Monday, October 26, 2009

Home owners are stupid

Or at least many of them are. Here's proof (H/T to S2 for the link):
Who needs to save for retirement when your home is the new RRSP?

"House prices will not go up forever," says Mr. Tal... "Home valuations can go down," he cautions.
Welcome to Canada, where debt is the new savings and spending is the new investment. For F&%$'s sake people, when are you going to learn that wrapping a car loan into your mortgage or spending 65% of your take home income on shelter does not equal the smart financial planning you think it does?

More must reading (H/T to Reid)

14 comments:

Leo S said...

Gerroff my lawn you stupid homeowners! ;)

Leo S said...

On a more serious note, this shows we can't rely on boomers to trigger some sort of housing collapse as they all scramble to downsize at once. They will fight tooth and nail to keep their homes as long as they can. That means continuing to work if they must, and taking out reverse mortgages otherwise.

Either way that house is not going on the market for at least another 10-15 years.

Vic said...

Yesterday it was BCAA cutting it's travel centers, today it is Carmmanah cutting 20 jobs. So we get 20 jobs here, 30 there, a few hundred in the civil service,these all keep adding up. Sooner or later 1000 people have employment probs,downsizing is in vogue and people still don't get it.


"Solar lighting company Carmanah Technologies Corp. has cut 20 employees from its payroll -- including 14 at its Vic West head office -- after failing to make aggressive sales targets.

Jobs were cut in sales and marketing, administration and accounting."

Robert Reynolds - GBA said...

Thinking about Reverse Mortgages, in principle they are a poor idea, but wouldent they actually be at about their best right now?

I am sure the institutions that sell them are going to gouge, but with interest rates this low, shouldn't you be able to get a good payout from them right now?

Is there anywhere to run quotes online? I would be interested in comparing to say an annuity.

Basically, you could either:
A) Sell your house, downsize/rent and purchase an annuity with the remainder
B) Take out a Reverse Mortgage and still live in your home.

Annuities have the highest payout of any similar income vehicle but are performing poorly from a historic point of view because rates are so low. I want to know how they compare.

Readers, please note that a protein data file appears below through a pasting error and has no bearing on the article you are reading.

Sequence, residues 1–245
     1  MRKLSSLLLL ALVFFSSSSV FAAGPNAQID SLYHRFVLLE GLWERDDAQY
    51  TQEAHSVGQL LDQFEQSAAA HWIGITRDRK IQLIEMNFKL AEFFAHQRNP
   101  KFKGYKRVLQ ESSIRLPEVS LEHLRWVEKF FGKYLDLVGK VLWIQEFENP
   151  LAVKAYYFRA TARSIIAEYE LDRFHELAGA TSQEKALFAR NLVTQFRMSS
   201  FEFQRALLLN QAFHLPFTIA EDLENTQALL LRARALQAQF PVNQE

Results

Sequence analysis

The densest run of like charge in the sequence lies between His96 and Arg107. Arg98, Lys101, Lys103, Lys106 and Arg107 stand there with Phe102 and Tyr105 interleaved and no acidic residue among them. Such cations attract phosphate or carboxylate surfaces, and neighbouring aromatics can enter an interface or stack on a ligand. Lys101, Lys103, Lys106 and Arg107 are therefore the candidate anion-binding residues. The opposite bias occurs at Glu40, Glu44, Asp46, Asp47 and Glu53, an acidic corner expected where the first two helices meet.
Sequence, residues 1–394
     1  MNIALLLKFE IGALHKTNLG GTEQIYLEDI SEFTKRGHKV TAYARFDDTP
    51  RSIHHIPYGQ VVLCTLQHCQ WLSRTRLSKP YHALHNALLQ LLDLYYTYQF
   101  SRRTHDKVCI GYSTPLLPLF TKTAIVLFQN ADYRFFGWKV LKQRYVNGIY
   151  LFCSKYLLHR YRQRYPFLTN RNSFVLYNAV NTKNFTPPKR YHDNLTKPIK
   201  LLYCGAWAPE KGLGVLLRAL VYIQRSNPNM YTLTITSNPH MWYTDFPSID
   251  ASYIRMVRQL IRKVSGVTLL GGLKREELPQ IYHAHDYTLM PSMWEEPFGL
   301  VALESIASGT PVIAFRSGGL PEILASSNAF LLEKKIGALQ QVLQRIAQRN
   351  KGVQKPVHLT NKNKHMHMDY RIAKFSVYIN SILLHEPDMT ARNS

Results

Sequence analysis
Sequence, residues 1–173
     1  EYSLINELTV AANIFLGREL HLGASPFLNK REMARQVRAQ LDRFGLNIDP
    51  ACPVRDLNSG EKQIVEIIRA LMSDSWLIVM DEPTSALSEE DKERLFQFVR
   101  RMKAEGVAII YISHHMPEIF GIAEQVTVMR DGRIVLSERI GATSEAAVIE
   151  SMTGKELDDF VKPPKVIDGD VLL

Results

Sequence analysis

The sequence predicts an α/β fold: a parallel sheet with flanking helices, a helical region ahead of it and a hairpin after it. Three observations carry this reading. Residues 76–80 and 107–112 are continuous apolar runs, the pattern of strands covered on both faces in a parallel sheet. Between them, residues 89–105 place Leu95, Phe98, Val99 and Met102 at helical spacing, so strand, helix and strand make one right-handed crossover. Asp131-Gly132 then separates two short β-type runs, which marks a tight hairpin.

delooper said...

For many people selling the home is the better option if only because people get tired of maintaining a house. The various expenses, the work, some get tired of stairs, the lawn, etc. And they don't have kids so they don't need the expense.

I don't know the stats by my seat-of-the-pants estimate is that most people know reverse mortgages are a bad deal. Everyone in my family near retirement age is selling their place and buying in a cheaper location.

Robert Reynolds - GBA said...

OK I am going to try and answer my own question.

For example, male age 65, sells his home and nets $500,000. His life expectancy is age 85 so he wants at least 20 years of income guaranteed.

Annuity option: Single life annuity, 20 year guarantee period, single premium of $500,000.

Monthly Income $3022.36 before tax.

Reverse Mortgage Option: (I have no knowledge of this product I could be doing this totally wrong.)
calculator from HERE used.

INPUTS
Value of Home: $500,000
Initial lump sum: $1000 (minimum)
How Many Years in Monthly payments: 20
Interest rate on loan: 6%
Monthly fees: 0
Establishment cost: 0
Assumed annual increase in home value: 3.5%

Calculated MAX monthly payment: $2100


The Annuity blows away the Reverse Mortgage as far as cash flow is concerned.

BUT
- The annuity is taxable, the loan I believe is not taxable.
- With the reverse mortgage, you still get to live in your house, with the annuity you have to downsize or pay rent out of the income generated.
-The Reverse Mortgage assumes a constant increase in home values, if appreciation was 0, reverse mortgage income falls to $1100/month. The annuity is guaranteed never to decrease regardless of market forces.
- If you are still alive after 20 years, you will be forced to sell your home with the Reverse Mortgage. I imagine there might be a lifetime reverse mortgage, but it will drop the monthly income. With the annuity you will continue to receive an income as long as you live.

A lot of factors to consider, if you remove the emotional considerations and look at simply the dollars and cents. After income tax and rent for the annuity, and maintenance and property taxes for the Reverse Mortgage, lets call both options relatively even.

A reminder that this is a point in history when Annuities are at their weakest and Reverse Mortgages are at their strongest, and they just break even.

A whole heck of a lot of E.O.&E.

kabloona said...

Leo_S wrote:

"On a more serious note, this shows we can't rely on boomers to trigger some sort of housing collapse as they all scramble to downsize at once. They will fight tooth and nail to keep their homes as long as they can. That means continuing to work if they must, and taking out reverse mortgages otherwise."

I don't think they all have to bail-out of their homes at once, rather it is the fact that they will need to convert home equity into retirement income at some point in the near future that is likely to place a continuous downward pressure on home prices.

The first of the Boomers will hit 65 next year and the pace will accelerate over the next decade. Many boomers have little retirement savings other than their home, so it may not matter that 84% would *like* to stay in their homes - they may have no say in the matter if they need to tap that equity in order to pay their bills.